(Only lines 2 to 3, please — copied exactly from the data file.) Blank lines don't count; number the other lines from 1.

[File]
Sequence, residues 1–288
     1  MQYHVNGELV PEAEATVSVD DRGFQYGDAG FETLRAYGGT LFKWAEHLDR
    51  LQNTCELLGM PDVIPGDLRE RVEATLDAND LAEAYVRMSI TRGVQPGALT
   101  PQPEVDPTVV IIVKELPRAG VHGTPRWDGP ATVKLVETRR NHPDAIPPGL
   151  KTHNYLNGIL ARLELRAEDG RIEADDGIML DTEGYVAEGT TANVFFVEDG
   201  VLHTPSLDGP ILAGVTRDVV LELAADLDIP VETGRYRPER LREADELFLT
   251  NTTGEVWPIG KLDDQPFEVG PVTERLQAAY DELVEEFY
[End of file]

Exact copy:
     1  MQYHVNGELV PEAEATVSVD DRGFQYGDAG FETLRAYGGT LFKWAEHLDR
    51  LQNTCELLGM PDVIPGDLRE RVEATLDAND LAEAYVRMSI TRGVQPGALT